Heitman Elected to the National Academy of Science. Congratulations to Joseph Heitman, James B. Duke Professor and Chair of MGM, who was one of two Duke Faculty members elected to the U.S. National Academy of Sciences (NAS). Heitman studies model and pathogenic fungi to address unsolved problems in biology and medicine. His pioneering research using the model budding yeast Saccharomyces cerevisiae led to the discovery of FKBP12 and TOR as the targets of rapamycin, a drug now widely used in organ transplantation, cancer chemotherapy, and interventional cardiology. Joe joins 3 other MGM faculty members, Sue Jinks-Robertson, Tom Petes, PhD and Bill Joklik, PhD who were previously elected to the National Academy of Sciences.
“This honor is a direct reflection of having been fortunate to be surrounded by amazingly talented and motivated cadre of students, fellows, lab personnel, collaborators, and colleagues over the past several decades. It is their efforts that made any such success both possible and a reality. It is also a direct reflection on an institutional ethos and culture that supports, sustains, inspires, and celebrates discovery-driven science.” – Joseph Heitman
To read the full article click here.
Heaton receives 2021 Young Investigator Award. Congratulations to Nick Heaton, Assistant Professor in MGM, on being the recipient of the Viruses 2021 Young Investigators Award. Heaton’s current work broadly focuses on understanding how respiratory RNA viruses induce inflammation and lung disease, as well as how virally induced damage is eventually repaired. His most recent study has revealed a new mechanism that prevents influenza-virus-induced lung inflammation from being transferred to a developing fetus during maternal infection. For full article posting please click here.
Chi receives award from the American Association for Cancer Research. Congratulations to Ashley Chi, M.D., Ph.D. on receiving the Michael Kastan Award for research excellence from the American Association for Cancer Research. The Michael B. Kastan Award for Research Excellence is formally bestowed on the first or corresponding author of an article in Molecular Cancer Research (the flagship AACR journal for fundamental cancer research discoveries) that’s had a significant impact on the fields represented by the journal, but all co-authors are named as recipients of the award in recognition of the importance of team science.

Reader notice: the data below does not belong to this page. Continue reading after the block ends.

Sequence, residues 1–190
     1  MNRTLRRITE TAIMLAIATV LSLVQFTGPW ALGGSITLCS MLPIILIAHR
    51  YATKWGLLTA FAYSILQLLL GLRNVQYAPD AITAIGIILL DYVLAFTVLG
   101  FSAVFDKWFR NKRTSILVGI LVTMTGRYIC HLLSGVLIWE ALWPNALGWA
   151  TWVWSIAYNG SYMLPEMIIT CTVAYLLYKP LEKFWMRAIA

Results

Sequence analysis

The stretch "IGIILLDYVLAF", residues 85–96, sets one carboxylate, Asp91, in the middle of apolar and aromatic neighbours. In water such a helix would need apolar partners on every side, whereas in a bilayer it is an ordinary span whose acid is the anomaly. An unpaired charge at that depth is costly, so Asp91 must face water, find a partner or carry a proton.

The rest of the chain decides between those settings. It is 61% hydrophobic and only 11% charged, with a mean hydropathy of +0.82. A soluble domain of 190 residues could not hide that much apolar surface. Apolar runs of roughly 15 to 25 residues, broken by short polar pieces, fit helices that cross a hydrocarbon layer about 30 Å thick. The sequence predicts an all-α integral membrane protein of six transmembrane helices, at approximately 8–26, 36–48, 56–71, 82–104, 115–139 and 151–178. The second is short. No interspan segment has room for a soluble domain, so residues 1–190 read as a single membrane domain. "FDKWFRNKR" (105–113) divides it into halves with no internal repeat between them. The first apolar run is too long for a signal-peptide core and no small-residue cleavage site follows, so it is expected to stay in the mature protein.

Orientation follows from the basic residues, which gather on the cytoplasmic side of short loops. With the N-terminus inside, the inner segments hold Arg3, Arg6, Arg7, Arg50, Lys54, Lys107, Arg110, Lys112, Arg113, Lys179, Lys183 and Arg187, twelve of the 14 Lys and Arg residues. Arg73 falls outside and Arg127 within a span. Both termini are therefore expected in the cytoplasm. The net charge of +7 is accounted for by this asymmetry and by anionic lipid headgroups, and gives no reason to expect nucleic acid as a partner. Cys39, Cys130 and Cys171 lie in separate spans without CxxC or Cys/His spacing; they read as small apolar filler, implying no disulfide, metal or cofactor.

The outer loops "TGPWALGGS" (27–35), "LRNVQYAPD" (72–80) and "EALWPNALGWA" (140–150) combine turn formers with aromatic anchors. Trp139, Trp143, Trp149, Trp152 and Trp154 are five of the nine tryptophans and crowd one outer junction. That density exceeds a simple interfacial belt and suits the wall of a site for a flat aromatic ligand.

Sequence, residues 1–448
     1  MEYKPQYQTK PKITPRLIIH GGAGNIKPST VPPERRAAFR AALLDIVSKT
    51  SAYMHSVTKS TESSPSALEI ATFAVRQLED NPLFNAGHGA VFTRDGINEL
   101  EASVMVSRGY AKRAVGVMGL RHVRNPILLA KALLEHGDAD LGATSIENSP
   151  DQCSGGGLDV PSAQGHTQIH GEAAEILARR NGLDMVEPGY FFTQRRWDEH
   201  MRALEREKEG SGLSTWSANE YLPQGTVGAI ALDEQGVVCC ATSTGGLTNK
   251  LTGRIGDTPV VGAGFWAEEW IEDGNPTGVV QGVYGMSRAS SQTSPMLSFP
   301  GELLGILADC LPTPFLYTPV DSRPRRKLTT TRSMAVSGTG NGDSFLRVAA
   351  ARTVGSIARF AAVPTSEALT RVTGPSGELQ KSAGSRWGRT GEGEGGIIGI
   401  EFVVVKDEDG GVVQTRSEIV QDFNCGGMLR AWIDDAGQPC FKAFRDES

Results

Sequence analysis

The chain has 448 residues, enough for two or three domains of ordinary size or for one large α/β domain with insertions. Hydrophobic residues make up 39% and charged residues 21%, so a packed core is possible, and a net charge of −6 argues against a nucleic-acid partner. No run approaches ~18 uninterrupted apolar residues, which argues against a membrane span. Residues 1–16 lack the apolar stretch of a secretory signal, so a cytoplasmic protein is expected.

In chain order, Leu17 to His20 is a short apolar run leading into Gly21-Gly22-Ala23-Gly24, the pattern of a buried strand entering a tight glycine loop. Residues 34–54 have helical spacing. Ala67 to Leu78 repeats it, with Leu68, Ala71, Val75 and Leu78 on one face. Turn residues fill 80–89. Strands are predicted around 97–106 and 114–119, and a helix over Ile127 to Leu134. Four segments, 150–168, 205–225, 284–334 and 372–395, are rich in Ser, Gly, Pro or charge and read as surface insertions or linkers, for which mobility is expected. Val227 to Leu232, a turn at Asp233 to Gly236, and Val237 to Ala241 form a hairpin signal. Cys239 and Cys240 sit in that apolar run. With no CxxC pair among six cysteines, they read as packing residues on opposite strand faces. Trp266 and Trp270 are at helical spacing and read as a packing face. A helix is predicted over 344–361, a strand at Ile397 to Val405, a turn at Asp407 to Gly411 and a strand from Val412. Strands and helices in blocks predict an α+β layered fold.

“This is fantastic and richly deserved recognition of Ashley’s myriad contributions to understanding tumor microenvironments, addiction of tumor cells to nutrients, and pathways and proteins involved in oncogenesis.
I am delighted to see his research recognized in this very visible way, and all the more so that it is in honor of Michael Kastan the DCI director.” – Joseph Heitman
To read more click here.
Cronan and Hughes co-authors on new publication in Cell. Mark Cronan and Erika Hughes, in the Tobin Lab, are co-first authors on a new publication in Cell describing how the host immune system coordinates formation of the granuloma, a central host structure in tuberculosis. Other contributors include Jared Brewer, Gopinath Viswanathan, Emily Hunt, and MGM secondary faculty member Simon Gregory. Please click here to read more.
Telzrow awarded inaugural OBGE Administrative Fellowship. Calla Telzrow, a 5th year MGM student in Dr. Andy Alspaugh’s lab, has been named the 2021 Inaugural OBGE Administrative Fellow. The Administrative fellowship, currently in the pilot phase, is a new student professional development opportunity intended to provide current biomedical PhD students with direct experience in graduate education administration, curriculum development, and strategic planning. Calla is undertaking a 6-month fellowship funded by OBGE during which she will focus on establishing two new student-centered resources for SoM biomedical PhD trainees. Learn more about Calla’s project and the Fellowship here: https://medschool.duke.edu/about-us/news-and-communications/med-school-blog/calla-telzrow-inaugural-obge-administrative-fellow